Inside Pharrell Williams' Denim Imaginarium in Amsterdam
The singer isn't just part-owner of G-Star – he's also its "Head of Imagination," a role he's taking very, very seriously.
Not for the first time that day, Pharrell Williams settled into a towering denim teepee inside G-Star’s Amsterdam headquarters last week and seemed pleased. The teepee, after all, had been his idea.
A co-owner of the 25-year-old Dutch label as of the past couple of months, the singer was taking the opportunity to show off his new playground – a huge, highway-adjacent factory designed by Dutch architect Rem Koolhaas – to a group of editors, acolytes and famous buddies including A$AP Rocky and Miguel. Newly pink-haired and sporting rainbow-colored grills, Williams was dressed for the occasion: He wore white graffitied Timberlands, a baseball cap emblazoned with the word “Plant”, and a distressed denim jumpsuit that bore the phrase “Head of Imagination,” his official chosen title at the company, across his back.
“I see it as an awesome opportunity for me to express myself in terms of using the denim as a medium, to just make a statement whenever,” he told me of his new role.
Williams’ title may sound flowery, but he’s serious – and even infectiously enthusiastic – when it comes to sustainable designs. His interest began in 2014, when he collaborated with G-Star on a capsule collection called Raw for the Oceans that replaced the polyester threads in denim with recycled plastic found in the oceans, sourced from another company Williams co-owns, Bionic Yarn.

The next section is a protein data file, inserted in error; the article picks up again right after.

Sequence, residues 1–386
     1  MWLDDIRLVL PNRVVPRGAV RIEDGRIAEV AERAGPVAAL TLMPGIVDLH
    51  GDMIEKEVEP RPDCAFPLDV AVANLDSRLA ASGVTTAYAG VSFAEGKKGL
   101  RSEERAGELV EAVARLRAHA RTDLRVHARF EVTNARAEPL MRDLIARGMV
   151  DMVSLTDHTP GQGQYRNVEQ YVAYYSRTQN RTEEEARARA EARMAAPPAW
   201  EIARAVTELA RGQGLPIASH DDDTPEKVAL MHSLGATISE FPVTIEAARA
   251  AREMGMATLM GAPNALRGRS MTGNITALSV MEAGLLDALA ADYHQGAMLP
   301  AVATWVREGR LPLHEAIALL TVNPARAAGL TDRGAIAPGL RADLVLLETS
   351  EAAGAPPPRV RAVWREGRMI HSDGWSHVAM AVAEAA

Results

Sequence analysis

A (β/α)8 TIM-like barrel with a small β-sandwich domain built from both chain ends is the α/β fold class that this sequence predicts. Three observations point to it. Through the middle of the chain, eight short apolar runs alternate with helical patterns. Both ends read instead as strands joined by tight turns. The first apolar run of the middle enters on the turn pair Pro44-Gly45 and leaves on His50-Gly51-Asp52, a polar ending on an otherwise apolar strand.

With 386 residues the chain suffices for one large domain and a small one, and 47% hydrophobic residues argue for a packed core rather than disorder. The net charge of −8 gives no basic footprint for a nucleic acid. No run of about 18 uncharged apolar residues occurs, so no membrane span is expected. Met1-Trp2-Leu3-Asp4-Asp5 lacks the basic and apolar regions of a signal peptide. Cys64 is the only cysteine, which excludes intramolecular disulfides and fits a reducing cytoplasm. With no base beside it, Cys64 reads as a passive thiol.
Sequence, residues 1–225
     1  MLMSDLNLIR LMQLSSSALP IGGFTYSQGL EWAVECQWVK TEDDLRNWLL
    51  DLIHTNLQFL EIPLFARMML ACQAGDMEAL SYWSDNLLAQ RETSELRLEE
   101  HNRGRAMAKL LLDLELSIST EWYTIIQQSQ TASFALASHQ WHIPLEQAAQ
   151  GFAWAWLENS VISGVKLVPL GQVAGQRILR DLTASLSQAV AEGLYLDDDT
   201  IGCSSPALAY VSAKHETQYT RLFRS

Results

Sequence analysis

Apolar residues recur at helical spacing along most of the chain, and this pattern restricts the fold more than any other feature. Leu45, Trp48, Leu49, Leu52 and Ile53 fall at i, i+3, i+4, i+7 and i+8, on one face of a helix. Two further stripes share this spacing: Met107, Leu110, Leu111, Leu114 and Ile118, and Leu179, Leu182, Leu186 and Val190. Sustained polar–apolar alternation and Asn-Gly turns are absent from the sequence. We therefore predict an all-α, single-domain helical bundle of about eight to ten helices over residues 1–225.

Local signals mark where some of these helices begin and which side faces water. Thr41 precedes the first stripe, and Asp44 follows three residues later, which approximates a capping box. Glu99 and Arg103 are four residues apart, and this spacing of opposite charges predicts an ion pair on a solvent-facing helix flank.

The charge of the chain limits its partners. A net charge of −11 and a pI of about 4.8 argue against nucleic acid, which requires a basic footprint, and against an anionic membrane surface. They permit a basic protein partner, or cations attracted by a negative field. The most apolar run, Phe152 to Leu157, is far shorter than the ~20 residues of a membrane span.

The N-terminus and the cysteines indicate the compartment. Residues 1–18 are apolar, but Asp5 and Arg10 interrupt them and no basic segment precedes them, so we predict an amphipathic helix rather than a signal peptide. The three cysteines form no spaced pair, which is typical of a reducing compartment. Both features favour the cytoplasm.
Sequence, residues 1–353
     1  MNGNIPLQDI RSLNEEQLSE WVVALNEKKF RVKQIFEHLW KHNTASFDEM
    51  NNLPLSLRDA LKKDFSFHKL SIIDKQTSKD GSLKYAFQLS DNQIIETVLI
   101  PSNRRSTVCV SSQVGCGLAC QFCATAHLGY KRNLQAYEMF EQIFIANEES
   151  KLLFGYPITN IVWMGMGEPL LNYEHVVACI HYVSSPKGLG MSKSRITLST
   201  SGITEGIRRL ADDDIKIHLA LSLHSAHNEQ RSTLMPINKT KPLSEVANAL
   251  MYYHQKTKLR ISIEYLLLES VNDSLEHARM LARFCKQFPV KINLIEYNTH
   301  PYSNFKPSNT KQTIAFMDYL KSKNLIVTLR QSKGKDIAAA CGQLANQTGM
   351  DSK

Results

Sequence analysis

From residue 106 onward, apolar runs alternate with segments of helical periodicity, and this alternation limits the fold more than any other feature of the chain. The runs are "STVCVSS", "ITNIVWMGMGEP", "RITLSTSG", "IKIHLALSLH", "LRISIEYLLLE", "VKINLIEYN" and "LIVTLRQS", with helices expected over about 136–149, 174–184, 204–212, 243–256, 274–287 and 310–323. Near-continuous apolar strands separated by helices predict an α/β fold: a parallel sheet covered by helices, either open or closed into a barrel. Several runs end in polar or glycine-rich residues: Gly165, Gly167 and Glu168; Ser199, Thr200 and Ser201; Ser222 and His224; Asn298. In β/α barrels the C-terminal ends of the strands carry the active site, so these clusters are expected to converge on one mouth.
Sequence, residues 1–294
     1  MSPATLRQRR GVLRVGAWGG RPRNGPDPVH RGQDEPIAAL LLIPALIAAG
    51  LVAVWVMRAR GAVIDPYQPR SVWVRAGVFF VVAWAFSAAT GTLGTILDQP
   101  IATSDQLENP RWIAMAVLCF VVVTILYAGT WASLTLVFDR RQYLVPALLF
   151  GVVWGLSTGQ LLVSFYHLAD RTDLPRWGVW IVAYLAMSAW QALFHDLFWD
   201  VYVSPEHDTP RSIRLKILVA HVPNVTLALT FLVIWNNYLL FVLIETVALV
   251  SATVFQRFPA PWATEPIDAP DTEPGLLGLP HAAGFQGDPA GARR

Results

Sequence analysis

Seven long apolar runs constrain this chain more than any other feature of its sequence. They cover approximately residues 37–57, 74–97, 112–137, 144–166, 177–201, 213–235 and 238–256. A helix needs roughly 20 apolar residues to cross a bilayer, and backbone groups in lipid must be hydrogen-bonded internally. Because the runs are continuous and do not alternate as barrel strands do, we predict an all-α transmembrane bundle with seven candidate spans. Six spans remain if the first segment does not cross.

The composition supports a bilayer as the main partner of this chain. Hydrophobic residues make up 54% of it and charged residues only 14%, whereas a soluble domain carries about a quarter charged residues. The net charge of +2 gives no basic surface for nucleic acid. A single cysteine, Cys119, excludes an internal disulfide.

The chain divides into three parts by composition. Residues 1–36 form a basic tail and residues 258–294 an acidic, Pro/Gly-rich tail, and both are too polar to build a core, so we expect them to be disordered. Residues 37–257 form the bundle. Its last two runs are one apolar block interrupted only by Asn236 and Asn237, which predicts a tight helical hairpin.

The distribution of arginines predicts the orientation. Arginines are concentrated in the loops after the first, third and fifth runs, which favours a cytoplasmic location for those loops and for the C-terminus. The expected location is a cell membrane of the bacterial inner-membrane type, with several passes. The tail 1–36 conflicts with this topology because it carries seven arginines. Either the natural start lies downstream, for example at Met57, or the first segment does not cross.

“You know how it works?” he asked me at one point, dutifully listening to my explanation before eagerly jumping into the nitty-gritty, statistics included: In the last two years, G-Star has jumped from using 15% to 61% recycled polyester, equating to 700,000 bottles every season. “Did over two million last year alone. Ten tons of plastic,” he tallied. “And that’s cool.”
He took a serious pause, one of several during his earnest and at times meandering spiel.
“We’re very grateful that we were able to do that, but we don’t think that that’s enough,” he said. “Mind you, the planet is 75 percent, 85 percent water – just like humans are, by the way. But there is land. There are landfills.” Meaning, G-Star is now expanding from plastic found in the oceans to sourcing from the land as well, an attempt to “do something bigger and better and more robust” – a mission Williams seems committed to carrying out.
“Making me a co-owner… I don’t think there could be any bigger gesture [toward sustainability],” he added.
When Williams first joined G-Star in February, he let his imagination run wild. (He is Head of Imagination, after all.) The denim teepees, for instance, were an extension of a notion to create denim lawn chairs that came to him while watching the children’s movie Inside Out with his son. The idea may sound fanciful and out of place with his sustainability-minded endeavors, but it’s in keeping with G-Star’s corporate culture, where employees see themselves less as designers and more like “product engineers.”